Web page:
“The F-22s conducted multiple maneuvers to persuade the Su-25s to depart our deconflicted airspace, including the release of chaff and flares in close proximity to the Russian aircraft and placing multiple calls on the emergency channel to convey to the Russian pilots that they needed to depart the area,” Pickart said.

During one maneuver, an Su-25 flew so close to an F-22 “that it had to aggressively maneuver to avoid a midair collision,” he said.

Related content:

A Russian Su-35 multi-role fighter was also involved.

An F-22 ended up trailing the Su-35 after it flew across the river into territory deemed unsafe to coalition aircraft.

“The incident lasted approximately 40 minutes before the Russian aircraft flew to the west side of the river. During and following the encounter, coalition leaders at the [Combined Air Operations Center in Al Udeid, Qatar] contacted the Russians on the deconfliction line to de-escalate the situation and avert a strategic miscalculation,” Pickart said.

AFCENT officials said the Russians had “verbally agreed” in November through the deconfliction line that they would remain west of the Euphrates River, and the coalition would operate to the East, he said.

“Since agreeing to this deconfliction arrangement, the Russians have flown into our airspace on the east side of the river 6-8 times per day, or approximately 10 percent of the Russian and Syrian flights,” Pickart noted.

“If either of us needs to cross the river for any reason, we’re supposed to first deconflict via the line,” he said. “It’s become increasingly tough for our pilots to discern whether Russian pilots’ actions are deliberate or if these are just honest mistakes.”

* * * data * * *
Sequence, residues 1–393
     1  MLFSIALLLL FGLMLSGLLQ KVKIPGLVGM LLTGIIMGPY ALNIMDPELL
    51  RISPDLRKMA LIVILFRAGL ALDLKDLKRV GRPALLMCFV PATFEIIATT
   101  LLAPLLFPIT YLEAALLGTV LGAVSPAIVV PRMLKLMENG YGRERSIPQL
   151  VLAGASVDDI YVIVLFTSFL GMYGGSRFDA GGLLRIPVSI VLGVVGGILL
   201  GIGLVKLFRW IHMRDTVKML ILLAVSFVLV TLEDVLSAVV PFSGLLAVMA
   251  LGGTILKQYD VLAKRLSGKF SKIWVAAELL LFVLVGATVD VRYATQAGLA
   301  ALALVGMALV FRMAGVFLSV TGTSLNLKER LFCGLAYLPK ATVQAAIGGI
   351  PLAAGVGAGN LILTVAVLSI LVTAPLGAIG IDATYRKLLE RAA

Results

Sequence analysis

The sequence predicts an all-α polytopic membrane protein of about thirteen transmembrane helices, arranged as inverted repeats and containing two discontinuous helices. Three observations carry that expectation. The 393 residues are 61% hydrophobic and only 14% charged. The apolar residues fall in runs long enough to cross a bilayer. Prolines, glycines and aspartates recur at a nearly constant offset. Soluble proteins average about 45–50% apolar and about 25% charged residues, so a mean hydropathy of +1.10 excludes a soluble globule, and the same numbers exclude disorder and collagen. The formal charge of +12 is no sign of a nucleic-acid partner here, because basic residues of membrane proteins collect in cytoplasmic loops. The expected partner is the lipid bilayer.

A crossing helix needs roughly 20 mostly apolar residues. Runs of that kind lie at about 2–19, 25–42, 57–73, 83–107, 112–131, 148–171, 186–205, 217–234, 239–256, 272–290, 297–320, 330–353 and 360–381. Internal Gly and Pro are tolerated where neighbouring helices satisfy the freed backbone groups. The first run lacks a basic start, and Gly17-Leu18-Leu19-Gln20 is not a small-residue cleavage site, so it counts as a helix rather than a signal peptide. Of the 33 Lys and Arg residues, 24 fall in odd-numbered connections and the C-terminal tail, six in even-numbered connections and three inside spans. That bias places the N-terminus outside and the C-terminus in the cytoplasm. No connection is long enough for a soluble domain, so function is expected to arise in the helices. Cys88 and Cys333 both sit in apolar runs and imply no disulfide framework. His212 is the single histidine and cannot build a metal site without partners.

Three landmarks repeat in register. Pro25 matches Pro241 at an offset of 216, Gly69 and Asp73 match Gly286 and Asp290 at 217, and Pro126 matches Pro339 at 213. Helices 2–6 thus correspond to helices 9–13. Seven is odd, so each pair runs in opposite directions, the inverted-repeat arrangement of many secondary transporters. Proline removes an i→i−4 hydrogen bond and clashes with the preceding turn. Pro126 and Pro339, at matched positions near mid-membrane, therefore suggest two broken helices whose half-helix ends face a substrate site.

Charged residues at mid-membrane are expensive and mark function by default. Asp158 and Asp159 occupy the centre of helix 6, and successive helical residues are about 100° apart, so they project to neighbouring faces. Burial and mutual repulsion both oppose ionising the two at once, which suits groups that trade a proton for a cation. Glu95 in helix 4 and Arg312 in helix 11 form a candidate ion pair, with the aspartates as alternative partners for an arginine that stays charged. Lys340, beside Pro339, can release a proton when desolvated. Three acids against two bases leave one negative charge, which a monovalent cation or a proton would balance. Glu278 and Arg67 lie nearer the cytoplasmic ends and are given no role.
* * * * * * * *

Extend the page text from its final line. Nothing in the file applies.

Officials have said recently that coalition aircraft — more than a dozen air forces cooperating to defeat ISIS in Iraq and Syria — are concerned about the shrinking airspace.

“The coalition’s greatest concern is that we could shoot down a Russian aircraft because its actions are seen as a threat to our air or ground forces,” Pickart said. “We train our aircrew to take specific actions and to make every attempt possible to de-escalate the situation wherever possible.”

He continued, “We are not here to fight the Russians and Syrians — our focus remains on defeating ISIS. That said, if anyone threatens coalition or friendly partner forces in the air or on the ground, we will defend them.”

— Oriana Pawlyk can be reached at [email protected][3]. Follow her on Twitter at @Oriana0214[4].

© Copyright 2017 Military.com. All rights reserved. This material may not be published, broadcast, rewritten or redistributed.

References

  1. ^ F-22 Raptor (www.military.com)
  2. ^ F-35 Joint Strike Fighter (www.military.com)
  3. ^ [email protected] (www.military.com)
  4. ^ @Oriana0214 (twitter.com)
0

F-22s Fire Warning Flares at Russian Jets in Coalition Territory

Two U.S. F-22 Raptor[1] stealth fighters intercepted two Russian Su-25 fighter jets Wednesday, conducting multiple maneuvers, firing warning flares and, in one instance, aggressively flying to avoid colliding with one another, U.S. officials tell Military.com.

The Su-25s — single-seat, twin-engine aircraft — “flew into coordinated coalition airspace on the east side of the Euphrates River near Abu Kamal, Syria, and were promptly intercepted,” Air Forces Central Command spokesman Lt. Col. Damien Pickart told Military.com in an email.

The F-22s, the U.S.’ most advanced fighter aside from the F-35 Joint Strike Fighter[2], were in the area providing air cover for partner ground forces conducting operations against the Islamic State, he said.